The right remains for an IT service provider to terminate a contract before insolvency commences or during the insolvency if it is for a reason other than the insolvency. An example of a valid reason would be failure to pay for services that are being provided during the insolvency.
In the event that the service provider would suffer hardship if they had to continue to provide services, the court may give permission for termination.
The Corporation Insolvency and Governance Act 2020 contains a temporary provision, in force until 31 March 2021, preventing a winding-up petition or statutory demand from being issued where the reason for debt is Covid-19.
It is important that the contract between the parties defines how it will be determined when insolvency begins. A business may be insolvent for some considerable period before insolvency proceedings are entered into.
During the term of the contract, both parties will be advised to monitor the financial wellbeing of the other, so that any financial difficulties do not come as a surprise and insolvency proceedings can be anticipated and appropriate action taken.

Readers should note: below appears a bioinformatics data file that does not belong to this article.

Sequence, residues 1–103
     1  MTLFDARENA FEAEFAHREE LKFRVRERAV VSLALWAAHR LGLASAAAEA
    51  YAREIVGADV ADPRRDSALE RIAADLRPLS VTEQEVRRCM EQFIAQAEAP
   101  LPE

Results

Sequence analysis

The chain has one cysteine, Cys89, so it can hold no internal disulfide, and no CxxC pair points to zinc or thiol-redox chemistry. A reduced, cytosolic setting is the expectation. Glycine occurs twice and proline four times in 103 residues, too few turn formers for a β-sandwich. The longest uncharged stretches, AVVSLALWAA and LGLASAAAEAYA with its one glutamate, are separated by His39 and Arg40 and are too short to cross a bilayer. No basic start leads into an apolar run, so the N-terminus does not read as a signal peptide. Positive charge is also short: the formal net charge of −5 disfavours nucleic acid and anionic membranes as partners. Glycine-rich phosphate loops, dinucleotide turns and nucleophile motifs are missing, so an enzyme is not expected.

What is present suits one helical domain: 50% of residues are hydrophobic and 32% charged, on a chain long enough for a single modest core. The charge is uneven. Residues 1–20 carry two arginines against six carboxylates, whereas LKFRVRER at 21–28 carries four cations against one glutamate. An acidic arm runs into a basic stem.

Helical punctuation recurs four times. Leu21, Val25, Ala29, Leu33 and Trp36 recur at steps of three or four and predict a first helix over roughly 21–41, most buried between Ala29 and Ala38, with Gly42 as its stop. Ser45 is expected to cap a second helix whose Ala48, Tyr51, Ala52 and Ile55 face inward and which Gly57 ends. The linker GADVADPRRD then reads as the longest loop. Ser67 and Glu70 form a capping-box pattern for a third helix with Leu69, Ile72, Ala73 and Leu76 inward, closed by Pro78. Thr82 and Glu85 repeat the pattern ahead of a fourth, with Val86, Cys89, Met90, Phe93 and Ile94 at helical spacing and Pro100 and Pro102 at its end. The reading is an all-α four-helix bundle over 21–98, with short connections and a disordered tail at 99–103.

At RSW Law we understand the importance of covering every eventuality in a contract between a client and an IT service provider. If you would like advice on negotiating and putting a robust contract in place or guidance about potential insolvency, we will be happy to hear from you.
Our advice is intended to be practical and focussed on our clients’ business interests and success. Our lawyers work in many areas, including financial services, retail, leisure, property and professional services.
If you would like to speak to Tanya Seevaratnam or Chris Ward, our expert commercial dispute resolution and insolvency solicitors, please telephone us on 020 3146 2989, email us at email@example.com or firstname.lastname@example.org or fill in our contact form.